Such inconsistency between studies raises eyebrows, particularly because we can generally confirm the classic predictions when we pull the strings in the laboratory setting, but struggle to do so when testing the predictions in more realistic, natural environments. Does this mean that the evolutionary theory of aging is not generally applicable to the real world? Or is there some unaccounted factor at play, whose effects run havoc in the wild and alter the trajectories of aging in unpredicted directions, but that we effectively nullify in the laboratory environment? Emerging theoretical studies and the latest empirical evidence mounted by Chen and Maklakov, would suggest that the answer to this latter question is ‘yes’.
Apparently there are too many variables for an evolutionary “law of aging” to make predictions. A theory without predictions, though, is pretty useless for science. Damian K. Dowling, author of the paper, tried to put a happy face on this falsification: “Clearly, the Chen and Maklakov study provides a new insight into the evolution of life span. Ironically, in doing so, it reminds us how much remains to be done if we are to ever fully understand the evolution of aging in natural populations.”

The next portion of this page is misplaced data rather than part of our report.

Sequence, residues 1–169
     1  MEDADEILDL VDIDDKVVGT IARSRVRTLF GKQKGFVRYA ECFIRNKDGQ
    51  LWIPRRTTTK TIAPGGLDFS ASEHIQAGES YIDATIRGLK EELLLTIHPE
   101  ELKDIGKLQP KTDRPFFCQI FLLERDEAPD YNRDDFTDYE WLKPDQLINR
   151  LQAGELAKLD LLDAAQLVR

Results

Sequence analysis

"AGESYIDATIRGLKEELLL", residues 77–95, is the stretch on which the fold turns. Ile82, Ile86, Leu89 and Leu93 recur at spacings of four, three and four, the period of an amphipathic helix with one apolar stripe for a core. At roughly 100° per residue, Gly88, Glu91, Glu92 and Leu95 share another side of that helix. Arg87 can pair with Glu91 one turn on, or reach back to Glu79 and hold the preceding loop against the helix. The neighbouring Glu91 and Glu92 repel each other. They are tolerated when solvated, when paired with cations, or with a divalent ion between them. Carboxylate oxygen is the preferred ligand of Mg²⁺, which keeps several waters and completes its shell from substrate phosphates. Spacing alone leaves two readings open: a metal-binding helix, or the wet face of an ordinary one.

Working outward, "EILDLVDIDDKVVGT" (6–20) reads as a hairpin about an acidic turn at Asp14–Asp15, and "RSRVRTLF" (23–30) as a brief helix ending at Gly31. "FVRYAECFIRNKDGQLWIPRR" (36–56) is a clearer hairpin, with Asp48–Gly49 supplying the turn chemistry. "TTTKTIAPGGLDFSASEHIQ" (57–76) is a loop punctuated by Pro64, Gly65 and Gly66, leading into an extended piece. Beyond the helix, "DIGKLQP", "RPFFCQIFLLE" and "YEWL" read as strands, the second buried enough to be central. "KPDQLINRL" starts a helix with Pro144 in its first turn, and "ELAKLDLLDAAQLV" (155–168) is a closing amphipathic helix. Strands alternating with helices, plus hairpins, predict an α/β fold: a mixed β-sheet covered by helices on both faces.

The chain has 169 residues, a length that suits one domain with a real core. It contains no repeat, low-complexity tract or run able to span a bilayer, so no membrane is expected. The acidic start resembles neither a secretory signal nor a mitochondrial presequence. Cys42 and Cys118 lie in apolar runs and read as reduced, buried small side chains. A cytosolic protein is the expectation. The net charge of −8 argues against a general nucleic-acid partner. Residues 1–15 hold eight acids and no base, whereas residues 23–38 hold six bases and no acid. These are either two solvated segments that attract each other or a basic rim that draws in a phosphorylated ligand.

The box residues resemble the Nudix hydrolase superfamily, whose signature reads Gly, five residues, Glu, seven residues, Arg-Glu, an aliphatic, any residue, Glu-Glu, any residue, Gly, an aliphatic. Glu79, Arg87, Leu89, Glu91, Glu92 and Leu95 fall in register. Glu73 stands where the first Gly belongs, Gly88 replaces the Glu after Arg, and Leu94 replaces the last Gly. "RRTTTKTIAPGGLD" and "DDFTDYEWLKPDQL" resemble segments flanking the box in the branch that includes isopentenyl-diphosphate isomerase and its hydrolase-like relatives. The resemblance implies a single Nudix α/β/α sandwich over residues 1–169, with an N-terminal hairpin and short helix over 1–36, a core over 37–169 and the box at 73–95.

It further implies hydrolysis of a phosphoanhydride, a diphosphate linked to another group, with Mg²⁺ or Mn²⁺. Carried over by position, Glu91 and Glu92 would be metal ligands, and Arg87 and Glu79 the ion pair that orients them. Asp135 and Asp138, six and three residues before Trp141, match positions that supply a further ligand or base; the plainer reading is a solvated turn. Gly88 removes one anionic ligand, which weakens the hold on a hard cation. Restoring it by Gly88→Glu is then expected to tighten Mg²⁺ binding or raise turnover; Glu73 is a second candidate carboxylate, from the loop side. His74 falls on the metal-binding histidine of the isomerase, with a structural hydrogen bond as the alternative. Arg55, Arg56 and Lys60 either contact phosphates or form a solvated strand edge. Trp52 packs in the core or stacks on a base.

We think people should know about evolutionary theory being riddled with problems. All they hear is the propaganda that Darwinian evolution is as confirmed as the law of gravity. These falsifications reveal the gravity of the situation. When Darwinians have to concoct epicycles like “convergent evolution,” or have to issue promissory notes for understanding evolution, or joke about their miracles with terms like the “Lazarus effect,” they reveal how evolution is less like gravity and more like magic. Read about the real Lazarus effect here. It happened by intelligent design from Someone who has nothing else to learn about biology.